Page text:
split the bill among themselves using PayPal.com.
"It's the easiest way to send money on the Web,
that's for sure," Smith says.
Actually, transferring money from one X account
to another is just as easy. One X customer says he paid back some
money he owed to his parents through X's pay-a-friend service --
and his parents were newbies, online for just a few months.
X does have an option that is almost like using
a credit card. An X checking account includes free overdraft protection
and a line of credit. If you send someone more money than you have
in your checking account, you automatically tap that line of credit.
it was signed by a human"
Joe Hoover has used both PayPal and X to buy things from eBay
to eliminate the delay of sending a check. As a buyer, he says,
either service is fine. "I'll use whatever the payee is set up with."
When he sells items over the Web, though, "I
much, much prefer X.com, because the funds are immediately available
to me," he writes by e-mail. "I can write a personal check on the
money in my account. They will also do free wire transfers and they
give me an ATM card."
In addition, X lets accountholders track auctions
on its Web site, automating the billing and bill-paying process.
On the other hand, Hoover says, he asked PayPal
to send him a check and it took two weeks to receive it in the mail
-- "and it was signed by a human."
"Human intervention in a business process that
should be automated is a bad indicator of the e-business's prowess,"
he says. "I think PayPal intentionally introduces delay into the
process so they can benefit from the float."
PayPal officials deny that they intentionally
delay transactions so they can hold onto money longer to make interest
on it. And Hoover could have asked PayPal to deposit the money electronically
into his bank account, which would have been much quicker.
| Flooz and beenz
There are other ways of exchanging cash electronically,
but they're not as portable as good old fashioned U.S. dollars
or their electronic cousins.
push virtual scrip that you can exchange at a limited number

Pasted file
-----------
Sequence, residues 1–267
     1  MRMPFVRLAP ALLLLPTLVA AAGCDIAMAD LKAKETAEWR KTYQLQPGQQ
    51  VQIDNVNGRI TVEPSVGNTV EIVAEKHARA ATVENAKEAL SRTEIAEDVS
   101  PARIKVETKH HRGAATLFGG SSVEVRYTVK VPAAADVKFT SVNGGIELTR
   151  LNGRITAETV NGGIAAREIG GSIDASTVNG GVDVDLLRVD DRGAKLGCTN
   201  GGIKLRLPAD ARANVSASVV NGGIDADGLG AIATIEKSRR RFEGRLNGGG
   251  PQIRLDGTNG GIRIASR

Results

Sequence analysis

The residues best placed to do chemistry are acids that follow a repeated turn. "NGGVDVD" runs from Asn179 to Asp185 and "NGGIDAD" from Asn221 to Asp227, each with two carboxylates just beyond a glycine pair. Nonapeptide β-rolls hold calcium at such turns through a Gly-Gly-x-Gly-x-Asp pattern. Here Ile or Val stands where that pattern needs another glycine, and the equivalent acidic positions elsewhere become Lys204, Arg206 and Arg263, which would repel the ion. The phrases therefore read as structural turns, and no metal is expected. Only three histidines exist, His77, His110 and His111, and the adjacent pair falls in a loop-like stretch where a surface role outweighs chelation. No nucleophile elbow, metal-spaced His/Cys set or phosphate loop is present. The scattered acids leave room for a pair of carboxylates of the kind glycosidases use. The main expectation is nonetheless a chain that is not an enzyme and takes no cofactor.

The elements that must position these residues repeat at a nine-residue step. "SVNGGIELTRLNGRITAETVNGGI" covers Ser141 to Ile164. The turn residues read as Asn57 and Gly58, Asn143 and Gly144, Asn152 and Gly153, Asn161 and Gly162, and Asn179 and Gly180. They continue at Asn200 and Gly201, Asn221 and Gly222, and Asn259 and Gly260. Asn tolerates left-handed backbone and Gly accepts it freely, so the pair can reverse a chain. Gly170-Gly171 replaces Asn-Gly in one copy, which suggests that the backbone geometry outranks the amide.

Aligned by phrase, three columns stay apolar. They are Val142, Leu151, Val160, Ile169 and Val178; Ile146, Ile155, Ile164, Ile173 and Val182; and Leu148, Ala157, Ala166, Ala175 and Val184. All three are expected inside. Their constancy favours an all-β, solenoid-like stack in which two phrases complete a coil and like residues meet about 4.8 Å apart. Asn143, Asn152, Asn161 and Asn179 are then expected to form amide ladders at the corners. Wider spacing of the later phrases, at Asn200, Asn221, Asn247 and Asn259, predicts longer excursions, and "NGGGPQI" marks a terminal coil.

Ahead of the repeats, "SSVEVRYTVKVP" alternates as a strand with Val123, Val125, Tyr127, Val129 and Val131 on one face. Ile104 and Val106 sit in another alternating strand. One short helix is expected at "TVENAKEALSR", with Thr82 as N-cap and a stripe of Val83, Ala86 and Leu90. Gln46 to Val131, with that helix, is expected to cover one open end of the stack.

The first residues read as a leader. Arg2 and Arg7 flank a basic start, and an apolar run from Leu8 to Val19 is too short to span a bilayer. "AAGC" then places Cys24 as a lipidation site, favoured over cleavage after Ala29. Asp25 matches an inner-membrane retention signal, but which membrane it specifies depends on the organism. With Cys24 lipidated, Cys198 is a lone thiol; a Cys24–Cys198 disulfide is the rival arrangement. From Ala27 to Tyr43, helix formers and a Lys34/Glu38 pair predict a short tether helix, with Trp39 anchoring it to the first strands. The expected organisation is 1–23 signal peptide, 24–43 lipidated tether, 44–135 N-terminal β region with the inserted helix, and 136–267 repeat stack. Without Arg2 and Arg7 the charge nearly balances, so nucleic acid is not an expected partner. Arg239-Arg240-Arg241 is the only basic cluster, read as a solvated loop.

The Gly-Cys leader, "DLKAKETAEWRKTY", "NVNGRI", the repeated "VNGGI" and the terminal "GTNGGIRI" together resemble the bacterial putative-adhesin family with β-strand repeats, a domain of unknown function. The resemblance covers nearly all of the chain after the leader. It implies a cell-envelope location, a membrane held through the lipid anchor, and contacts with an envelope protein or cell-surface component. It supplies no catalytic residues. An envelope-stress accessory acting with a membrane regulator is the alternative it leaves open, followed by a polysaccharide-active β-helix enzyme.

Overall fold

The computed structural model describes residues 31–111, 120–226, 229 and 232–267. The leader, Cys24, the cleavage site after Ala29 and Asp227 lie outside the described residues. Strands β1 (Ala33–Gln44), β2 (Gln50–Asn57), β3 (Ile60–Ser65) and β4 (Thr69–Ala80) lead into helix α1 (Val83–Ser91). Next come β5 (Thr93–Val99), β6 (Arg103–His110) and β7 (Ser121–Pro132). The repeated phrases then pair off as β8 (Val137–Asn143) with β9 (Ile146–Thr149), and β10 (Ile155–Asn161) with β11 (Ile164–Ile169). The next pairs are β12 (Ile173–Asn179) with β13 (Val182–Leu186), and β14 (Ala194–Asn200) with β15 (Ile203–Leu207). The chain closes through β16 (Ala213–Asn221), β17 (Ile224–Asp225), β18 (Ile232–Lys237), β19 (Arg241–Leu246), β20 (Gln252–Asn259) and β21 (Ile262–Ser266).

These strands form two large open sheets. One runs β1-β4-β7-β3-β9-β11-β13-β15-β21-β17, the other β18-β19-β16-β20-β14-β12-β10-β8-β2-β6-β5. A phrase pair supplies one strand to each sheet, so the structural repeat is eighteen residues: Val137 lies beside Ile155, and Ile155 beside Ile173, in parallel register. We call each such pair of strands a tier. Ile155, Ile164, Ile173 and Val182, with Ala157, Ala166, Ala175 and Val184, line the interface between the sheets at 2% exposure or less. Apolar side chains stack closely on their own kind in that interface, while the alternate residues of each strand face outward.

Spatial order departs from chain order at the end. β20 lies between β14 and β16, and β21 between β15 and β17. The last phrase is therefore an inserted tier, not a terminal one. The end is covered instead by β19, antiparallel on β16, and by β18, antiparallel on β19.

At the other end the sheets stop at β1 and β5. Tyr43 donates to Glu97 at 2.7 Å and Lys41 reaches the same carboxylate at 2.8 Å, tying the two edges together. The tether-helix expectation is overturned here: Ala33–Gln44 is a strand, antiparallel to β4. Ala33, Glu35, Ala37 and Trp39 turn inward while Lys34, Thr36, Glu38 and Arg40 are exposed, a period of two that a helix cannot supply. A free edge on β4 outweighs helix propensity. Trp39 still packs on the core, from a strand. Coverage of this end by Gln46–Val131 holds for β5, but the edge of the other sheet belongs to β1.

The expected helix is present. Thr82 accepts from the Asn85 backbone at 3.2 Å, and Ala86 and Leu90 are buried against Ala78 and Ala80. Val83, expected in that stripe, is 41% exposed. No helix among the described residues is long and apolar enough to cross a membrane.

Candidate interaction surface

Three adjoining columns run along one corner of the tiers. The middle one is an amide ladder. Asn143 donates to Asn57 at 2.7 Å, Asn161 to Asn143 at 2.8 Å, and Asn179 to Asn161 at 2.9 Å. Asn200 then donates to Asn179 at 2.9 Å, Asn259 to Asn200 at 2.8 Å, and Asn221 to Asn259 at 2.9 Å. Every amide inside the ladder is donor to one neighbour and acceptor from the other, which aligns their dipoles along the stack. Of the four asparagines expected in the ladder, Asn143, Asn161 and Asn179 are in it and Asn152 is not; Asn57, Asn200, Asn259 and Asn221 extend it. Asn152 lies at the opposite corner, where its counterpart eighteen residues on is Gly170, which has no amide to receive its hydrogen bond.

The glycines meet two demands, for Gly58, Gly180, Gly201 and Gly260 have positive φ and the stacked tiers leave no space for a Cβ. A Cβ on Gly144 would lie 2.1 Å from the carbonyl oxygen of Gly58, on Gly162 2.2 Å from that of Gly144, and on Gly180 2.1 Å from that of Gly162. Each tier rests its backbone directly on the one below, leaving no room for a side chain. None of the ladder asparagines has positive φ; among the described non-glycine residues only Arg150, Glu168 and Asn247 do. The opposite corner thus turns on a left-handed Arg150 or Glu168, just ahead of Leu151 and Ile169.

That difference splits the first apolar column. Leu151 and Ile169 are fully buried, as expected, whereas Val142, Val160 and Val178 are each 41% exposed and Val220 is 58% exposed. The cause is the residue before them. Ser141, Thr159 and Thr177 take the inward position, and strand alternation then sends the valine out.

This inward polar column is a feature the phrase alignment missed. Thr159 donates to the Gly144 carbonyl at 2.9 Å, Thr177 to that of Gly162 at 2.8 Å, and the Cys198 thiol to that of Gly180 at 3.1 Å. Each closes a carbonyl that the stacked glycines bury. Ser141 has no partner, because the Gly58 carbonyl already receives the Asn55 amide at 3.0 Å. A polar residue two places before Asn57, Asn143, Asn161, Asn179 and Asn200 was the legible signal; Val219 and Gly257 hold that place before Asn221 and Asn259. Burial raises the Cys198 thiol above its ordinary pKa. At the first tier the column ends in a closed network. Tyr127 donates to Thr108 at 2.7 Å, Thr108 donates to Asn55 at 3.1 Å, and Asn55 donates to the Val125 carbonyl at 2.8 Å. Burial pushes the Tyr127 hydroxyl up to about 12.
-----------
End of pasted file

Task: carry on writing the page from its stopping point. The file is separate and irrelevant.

of online merchants -- the Internet version of gift certificates
that can be redeemed at any store in a shopping mall.
You buy Flooz certificates online with a credit
card, and one Flooz equals one dollar. You can combine a
Flooz certificate with an online greeting card. You earn
beenz by going to certain Web sites and filling out online
Still, it can take longer to get cash out of
PayPal: An electronic transfer from PayPal to your bank account
can take a few hours to a couple of days, whereas a transfer between
two X accounts is instantaneous.
X's founder, Elon Musk, believes his company
holds the edge because of the speed of transactions. In banking
lingo, PayPal depends on "batch processing" -- several hours' worth
of transactions are sent in batches through the financial system,
introducing delays -- while X processes internal person-to-person
But PayPal.com allows you to use any credit
card, and users like that convenience. Consequently, PayPal.com
seems to be winning the competition on auction Web sites. In the
middle of this week, 43,000 eBay auctions mentioned PayPal.com as
a payment method (the number had been 17,000 a week earlier) and
16,000 mentioned X.com.
(Doubtless, a minority of those mentions said
the seller would not accept those payment methods.)
David Sacks, vice president of strategy for
PayPal.com, says he welcomes the competition with X because "you
need two companies to make an industry." X, he says, offers an array
of financial services, while PayPal.com focuses solely on consumer-to-consumer
payments. As Sacks puts it, "They're trying to do the pentathlon
and we're offering the 100-yard dash."
of real money
The e-cash revolution will never completely overthrow paper
"People aren't going to drag their Palm Pilots
out to the golf course just to pay off bets," Hoover says.
He's right. The fact is that sometimes a person-to-person
payment is an economic transaction, one that can be settled with
an exchange of electrons. But on other occasions -- a golf bet,
a cash gift to a young grandchild, a tip for a maitre d' to ensure
a good table -- the payment is a social gesture.
And on those occasions crisp, green paper is
the only means of an exchange that is more than just money.
-- Posted: Feb. 4, 2000